Context: 2009 became 2010 while I was reading this.
I don’t read thrillers as a rule so, when I unwrapped this book on Christmas day, I was intrigued to see if it would break the rules. I was inspired to read on the front cover that this was the winner of the British Book Awards Crime Trhiller of the Year last year and that, according to no less than Philip Pullman, it was supposed to be “Several cuts above most thrillers.” In fact, right at the end of the book, I came across a page that stated that this book was “destined to be regarded as amongst the best crime novels ever written.”
Er… hang on. Let’s not get carried away with our omniscience shall we? So, now I’ve read it, what did I think?
Not all that much to be honest. Sorry to say it but that’s how I felt. For a start, it’s not about a girl with a dragon tattoo. She’s just one of the characters and not the main one either. Her dragon tattoo is only one of many and is hardly ever mentioned. I think Larsson just couldn’t think of a title actually.
It’s really about an industrial dynasty, a long-established society family in Sweden that, as most families of such ilk, harbour a terrifying catalogue of secrets. Blomkvist (who is the main character), a recently discredited editor of a magazine, is hired by the patriarch of the family to look into the disappearance of his niece thirty years ago.
The main reason I don’t enjoy thrillers is that you know exactly what’s going to happen right from the start. Thrillers are as predictable as Disney and Larsson follows the script to a t. Despite Blomkvist facing innumerable difficulties and impossible puzzles to solve, a nice blend of skill and serendipity means that everything works out fine in the end.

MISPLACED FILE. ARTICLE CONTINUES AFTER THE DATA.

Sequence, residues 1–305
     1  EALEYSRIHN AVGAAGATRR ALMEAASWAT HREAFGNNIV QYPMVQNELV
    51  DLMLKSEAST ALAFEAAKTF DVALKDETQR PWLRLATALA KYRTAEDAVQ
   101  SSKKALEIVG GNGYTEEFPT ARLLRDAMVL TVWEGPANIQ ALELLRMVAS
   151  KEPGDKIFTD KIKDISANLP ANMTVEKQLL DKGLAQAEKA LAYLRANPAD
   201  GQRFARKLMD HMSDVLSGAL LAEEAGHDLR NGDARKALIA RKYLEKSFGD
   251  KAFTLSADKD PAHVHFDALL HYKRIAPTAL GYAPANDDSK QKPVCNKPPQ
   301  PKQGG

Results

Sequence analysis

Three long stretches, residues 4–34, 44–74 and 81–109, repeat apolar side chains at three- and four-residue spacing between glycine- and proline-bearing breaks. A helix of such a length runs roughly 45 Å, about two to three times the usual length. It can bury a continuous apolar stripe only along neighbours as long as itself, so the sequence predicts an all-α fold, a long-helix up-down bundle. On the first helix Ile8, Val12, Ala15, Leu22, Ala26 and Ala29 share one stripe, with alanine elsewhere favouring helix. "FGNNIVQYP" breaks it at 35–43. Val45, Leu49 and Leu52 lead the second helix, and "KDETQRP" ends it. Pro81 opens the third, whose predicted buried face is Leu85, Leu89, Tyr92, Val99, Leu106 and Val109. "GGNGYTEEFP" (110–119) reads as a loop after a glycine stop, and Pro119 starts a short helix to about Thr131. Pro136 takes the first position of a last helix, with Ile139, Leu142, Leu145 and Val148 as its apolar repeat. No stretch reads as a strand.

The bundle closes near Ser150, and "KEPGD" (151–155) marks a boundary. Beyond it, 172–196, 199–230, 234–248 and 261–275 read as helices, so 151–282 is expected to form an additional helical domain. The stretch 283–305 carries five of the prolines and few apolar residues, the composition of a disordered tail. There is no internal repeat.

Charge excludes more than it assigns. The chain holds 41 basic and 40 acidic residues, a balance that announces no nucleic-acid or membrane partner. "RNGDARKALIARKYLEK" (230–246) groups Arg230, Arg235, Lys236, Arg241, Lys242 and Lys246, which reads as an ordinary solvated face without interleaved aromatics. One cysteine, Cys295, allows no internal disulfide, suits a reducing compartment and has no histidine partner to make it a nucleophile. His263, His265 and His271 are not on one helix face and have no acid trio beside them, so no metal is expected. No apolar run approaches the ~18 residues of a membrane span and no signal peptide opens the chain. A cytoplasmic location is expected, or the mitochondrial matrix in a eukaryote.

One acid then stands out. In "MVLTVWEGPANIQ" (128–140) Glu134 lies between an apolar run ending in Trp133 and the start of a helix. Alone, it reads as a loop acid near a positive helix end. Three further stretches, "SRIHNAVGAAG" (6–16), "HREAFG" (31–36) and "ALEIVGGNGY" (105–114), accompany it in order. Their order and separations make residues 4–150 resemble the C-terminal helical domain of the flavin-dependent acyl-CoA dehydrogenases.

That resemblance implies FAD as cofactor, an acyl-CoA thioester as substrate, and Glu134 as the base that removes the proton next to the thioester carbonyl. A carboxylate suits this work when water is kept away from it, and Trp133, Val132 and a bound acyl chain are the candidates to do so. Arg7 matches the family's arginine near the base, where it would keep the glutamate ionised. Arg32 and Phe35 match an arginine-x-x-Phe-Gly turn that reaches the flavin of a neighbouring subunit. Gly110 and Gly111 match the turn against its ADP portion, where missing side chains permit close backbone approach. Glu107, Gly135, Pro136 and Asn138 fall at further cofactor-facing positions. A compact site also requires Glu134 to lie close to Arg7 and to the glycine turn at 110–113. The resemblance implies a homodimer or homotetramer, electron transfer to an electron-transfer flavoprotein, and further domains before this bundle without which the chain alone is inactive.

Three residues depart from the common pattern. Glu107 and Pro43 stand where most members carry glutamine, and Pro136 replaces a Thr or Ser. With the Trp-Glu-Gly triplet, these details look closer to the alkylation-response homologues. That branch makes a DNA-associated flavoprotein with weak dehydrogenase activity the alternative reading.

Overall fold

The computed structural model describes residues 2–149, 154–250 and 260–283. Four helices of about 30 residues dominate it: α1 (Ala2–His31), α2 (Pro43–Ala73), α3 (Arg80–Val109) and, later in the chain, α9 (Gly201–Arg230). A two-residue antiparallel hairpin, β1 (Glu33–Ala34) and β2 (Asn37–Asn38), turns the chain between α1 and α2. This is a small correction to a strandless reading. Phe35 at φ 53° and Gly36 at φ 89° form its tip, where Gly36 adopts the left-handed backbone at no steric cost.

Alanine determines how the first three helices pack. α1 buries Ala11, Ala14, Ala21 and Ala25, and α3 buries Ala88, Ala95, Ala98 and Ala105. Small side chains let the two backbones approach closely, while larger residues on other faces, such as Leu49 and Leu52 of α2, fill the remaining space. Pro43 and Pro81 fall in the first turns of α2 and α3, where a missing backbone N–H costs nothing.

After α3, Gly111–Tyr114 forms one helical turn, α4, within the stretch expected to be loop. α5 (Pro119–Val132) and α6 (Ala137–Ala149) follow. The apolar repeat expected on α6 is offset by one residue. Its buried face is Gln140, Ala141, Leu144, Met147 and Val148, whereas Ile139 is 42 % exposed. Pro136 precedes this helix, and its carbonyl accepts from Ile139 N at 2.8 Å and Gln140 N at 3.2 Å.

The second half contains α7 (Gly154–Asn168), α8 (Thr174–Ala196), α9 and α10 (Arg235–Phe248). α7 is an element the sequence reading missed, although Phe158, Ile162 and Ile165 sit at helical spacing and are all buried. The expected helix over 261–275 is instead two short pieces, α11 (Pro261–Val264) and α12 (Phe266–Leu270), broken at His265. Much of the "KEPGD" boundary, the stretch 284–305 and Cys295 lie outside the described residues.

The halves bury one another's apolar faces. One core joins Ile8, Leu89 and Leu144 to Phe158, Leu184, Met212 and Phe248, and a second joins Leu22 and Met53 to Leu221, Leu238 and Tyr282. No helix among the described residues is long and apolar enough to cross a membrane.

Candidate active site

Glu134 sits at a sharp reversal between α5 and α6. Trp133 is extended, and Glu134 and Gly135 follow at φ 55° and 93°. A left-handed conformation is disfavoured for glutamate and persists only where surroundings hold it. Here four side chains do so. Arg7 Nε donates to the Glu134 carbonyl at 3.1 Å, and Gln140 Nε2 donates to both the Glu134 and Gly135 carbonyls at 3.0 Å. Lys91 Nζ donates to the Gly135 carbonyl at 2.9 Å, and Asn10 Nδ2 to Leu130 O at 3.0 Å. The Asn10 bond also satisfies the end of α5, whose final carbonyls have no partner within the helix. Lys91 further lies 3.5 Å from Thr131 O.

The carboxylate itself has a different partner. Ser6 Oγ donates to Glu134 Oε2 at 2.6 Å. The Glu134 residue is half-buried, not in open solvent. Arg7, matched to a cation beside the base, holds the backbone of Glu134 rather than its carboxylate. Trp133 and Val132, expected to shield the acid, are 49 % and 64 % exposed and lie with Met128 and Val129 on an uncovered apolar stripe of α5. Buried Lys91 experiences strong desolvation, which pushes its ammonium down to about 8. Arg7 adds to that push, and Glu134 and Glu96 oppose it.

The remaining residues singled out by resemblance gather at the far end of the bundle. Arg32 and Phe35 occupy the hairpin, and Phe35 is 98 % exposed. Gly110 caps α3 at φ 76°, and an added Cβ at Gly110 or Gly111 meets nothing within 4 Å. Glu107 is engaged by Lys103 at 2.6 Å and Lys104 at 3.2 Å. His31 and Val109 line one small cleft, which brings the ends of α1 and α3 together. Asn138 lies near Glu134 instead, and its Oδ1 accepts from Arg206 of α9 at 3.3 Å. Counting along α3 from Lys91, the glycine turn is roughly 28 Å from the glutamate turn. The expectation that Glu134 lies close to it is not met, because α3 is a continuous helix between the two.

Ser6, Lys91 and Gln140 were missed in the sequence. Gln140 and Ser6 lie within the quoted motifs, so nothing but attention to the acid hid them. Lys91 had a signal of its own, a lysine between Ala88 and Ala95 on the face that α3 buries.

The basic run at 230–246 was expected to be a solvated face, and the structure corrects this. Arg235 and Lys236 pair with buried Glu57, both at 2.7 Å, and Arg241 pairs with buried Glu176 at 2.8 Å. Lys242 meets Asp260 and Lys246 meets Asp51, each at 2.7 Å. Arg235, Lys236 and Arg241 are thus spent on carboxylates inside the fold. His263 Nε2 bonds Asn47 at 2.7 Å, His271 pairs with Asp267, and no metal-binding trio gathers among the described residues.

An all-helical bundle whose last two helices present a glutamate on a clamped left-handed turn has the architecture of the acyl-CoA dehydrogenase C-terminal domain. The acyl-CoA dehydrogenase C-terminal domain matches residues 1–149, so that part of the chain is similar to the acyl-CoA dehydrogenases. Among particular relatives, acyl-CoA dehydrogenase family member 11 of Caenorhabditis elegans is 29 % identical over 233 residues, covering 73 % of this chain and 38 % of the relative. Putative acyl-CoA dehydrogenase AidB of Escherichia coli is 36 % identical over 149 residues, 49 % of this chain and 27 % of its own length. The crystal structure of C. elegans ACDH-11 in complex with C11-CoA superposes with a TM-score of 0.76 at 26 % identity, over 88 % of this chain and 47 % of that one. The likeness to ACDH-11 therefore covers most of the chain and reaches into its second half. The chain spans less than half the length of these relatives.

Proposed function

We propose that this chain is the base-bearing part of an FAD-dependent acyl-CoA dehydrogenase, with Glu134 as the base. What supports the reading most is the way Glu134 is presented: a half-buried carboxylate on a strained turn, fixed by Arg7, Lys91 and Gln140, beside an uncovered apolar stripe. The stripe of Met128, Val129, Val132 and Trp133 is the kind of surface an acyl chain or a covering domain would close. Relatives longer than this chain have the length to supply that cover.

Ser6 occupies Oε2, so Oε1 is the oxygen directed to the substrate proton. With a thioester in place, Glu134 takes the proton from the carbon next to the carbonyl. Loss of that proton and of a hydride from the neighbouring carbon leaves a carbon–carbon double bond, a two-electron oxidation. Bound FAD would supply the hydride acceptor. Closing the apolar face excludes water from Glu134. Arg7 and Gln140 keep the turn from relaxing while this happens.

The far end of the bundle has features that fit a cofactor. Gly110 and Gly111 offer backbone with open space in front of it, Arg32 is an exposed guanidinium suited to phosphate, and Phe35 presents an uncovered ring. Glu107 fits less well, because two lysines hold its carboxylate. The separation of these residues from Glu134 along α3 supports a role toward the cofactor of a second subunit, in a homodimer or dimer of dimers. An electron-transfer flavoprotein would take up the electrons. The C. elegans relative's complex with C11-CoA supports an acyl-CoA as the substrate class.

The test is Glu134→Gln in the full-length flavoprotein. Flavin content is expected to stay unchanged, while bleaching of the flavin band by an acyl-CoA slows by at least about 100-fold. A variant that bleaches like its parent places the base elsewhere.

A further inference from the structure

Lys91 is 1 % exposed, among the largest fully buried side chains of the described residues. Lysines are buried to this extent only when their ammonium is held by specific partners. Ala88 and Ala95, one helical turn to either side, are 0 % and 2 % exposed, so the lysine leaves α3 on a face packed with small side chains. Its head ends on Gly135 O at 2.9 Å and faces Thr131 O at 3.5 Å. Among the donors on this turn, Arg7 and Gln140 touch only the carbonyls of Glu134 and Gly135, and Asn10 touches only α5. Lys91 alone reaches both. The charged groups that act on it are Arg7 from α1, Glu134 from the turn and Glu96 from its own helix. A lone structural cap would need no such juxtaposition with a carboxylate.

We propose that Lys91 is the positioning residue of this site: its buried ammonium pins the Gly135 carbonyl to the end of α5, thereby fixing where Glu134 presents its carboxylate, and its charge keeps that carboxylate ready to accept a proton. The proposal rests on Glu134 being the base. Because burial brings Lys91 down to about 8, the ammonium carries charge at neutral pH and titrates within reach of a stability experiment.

This is strange as it’s the first in a trilogy and with everything so nicely done and dusted, there’s not much incentive to go on and read the second book. The publishers, realising this, have stapled a five page taster from the next book onto the end of this one.
Now, as I say, I’m not an expert on thrillers and so it’s difficult for me to place this within the genre. What I can say though was that, although I didn’t have any difficulty getting through it, I didn’t feel thrilled at any point. I could easily put it down and do something else. I didn’t feel like I needed to isolate myself from the world in order to dedicate my whole being to it as I do with truly gripping writing. In essence, I expected more.
The characters are okay, but morally the book is all over the place. The only way to explain this is to adopt a Scandinavian license for sexuality. The girl with the tattoo has a deep hatred for anyone who abuses women sexually and is quick to point out that people who do such things are evil. But then she sees nothing wrong in having multiple sexual partners of either orientation and at one point confesses that she doesn’t see why people should criticise her for fulfilling her own sexual desires her way. Anyone else smell a bit of a contradiction here? It’s hard to see on what basis the good guys are good guys and the bad guys are bad guys when you have no moral reference and that undermines the whole ethic of the novel for me. After all, it’s supposed to be a novel about criminality…
Anyway, if this is, as Pullman and the publisher claims, among the best ever written then there’s no point in me reading any more then. My rule stays intact.
It happened every year, was almost a ritual.
She tossed Elvis into a skip.
rubbish | poor | mediocre | okay | good | very good | excellent | superb